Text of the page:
Usually, when photographing a football game, we use multiple lenses and cameras. Reason being that we can’t change lenses fast enough during a play to be able to get a shot as the play suddenly moves right in front of you. For this particular play, I started with my 400mm lens and as the quarterback rolled out to pass, I noticed a receiver out of the corner of my eyes and dropped the 400 on the ground and picked up my 70-200 mounted on a matching camera.

Running back (30) Todd Gurley of the Los Angeles Rams stiff arms against the Tampa Bay Buccaneers... by Jeff Lewis on 500px.com

As team photographer, I have to photograph all of our star players in a normal type of way. With a 400mm, using a motor drive, showing him in action. Running backs should have pictures running the ball, quarterbacks should have images throwing the ball, and defensive players should have pictures making tackles. This particular image shows our running back Todd Gurley running with the ball and stiff-arming a defender for the Tampa Bay Buccaneers. For images of isolated players, try to stay on the player for a few plays. I tend to focus on them before the play and follow them regardless of what they do. If they end up with the ball, which happens more often than not, you have fulfilled your task.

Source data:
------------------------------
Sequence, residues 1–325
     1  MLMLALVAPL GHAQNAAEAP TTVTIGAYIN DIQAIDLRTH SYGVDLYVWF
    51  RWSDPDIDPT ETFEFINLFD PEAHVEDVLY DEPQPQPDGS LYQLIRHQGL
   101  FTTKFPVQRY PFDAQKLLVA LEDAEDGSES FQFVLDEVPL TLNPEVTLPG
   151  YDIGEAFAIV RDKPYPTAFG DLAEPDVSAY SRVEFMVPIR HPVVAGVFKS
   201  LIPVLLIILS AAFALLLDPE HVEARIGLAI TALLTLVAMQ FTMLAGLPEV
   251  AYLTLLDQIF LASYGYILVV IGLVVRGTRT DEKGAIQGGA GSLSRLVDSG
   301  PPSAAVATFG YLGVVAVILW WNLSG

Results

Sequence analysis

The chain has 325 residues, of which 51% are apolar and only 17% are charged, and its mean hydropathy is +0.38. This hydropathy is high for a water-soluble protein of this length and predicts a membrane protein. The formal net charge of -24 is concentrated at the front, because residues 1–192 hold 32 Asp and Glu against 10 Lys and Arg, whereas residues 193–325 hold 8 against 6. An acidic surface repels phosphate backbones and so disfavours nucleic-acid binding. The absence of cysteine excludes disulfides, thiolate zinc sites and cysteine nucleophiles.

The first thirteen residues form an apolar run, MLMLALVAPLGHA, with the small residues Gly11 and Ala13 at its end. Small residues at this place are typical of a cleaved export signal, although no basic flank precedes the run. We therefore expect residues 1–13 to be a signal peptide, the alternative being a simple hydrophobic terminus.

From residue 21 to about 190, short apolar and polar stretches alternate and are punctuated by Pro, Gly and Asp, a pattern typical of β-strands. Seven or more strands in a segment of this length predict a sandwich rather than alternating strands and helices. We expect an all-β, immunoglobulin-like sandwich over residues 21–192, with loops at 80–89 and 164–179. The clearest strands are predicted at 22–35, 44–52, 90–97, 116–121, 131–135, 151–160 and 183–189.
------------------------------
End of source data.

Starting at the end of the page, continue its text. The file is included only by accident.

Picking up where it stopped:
Punter (6) Johnny Hekker of the Los Angeles Rams against the Buffalo Bills during the Rams 19-30... by Jeff Lewis on 500px.com

Kicking the ball is a major part of the game but light never shines on the holder. We see images of the kicker on TV and in our media but never the holder. For this image, I focused on the player holding the ball for the kicker. Back button focus is used while shooting football to give more control when focusing. Otherwise, it makes it difficult to shoot a player running or standing when another player runs by. In this image, as the kicker runs in front of the holder, I pulled my finger off the back button focus to keep the holder sharp. Once the ball is kicked, grass usually flies adding an extra element in the frame.

About Jeff Lewis
Based in Southern California, Jeff Lewis’ passion for sports has taken him all around the world for sports action and portrait assignments for magazines, newspapers, and corporate clients. Jeff has photographed many high profile events including the Super Bowl and NBA Finals for clients such as the Associated Press and the NFL. Jeff’s work has been featured on the cover and in the pages of ESPN the Magazine, Sports Illustrated, the Los Angeles Times, New York Times, and many sports websites around the world.

Check out more of Jeff Lewis’ photography:
500px: https://500px.com/jjlewis06
Website: http://www.JeffLewisPhotography.com
Instagram: @jjlewis06
Twitter: @jefflewis06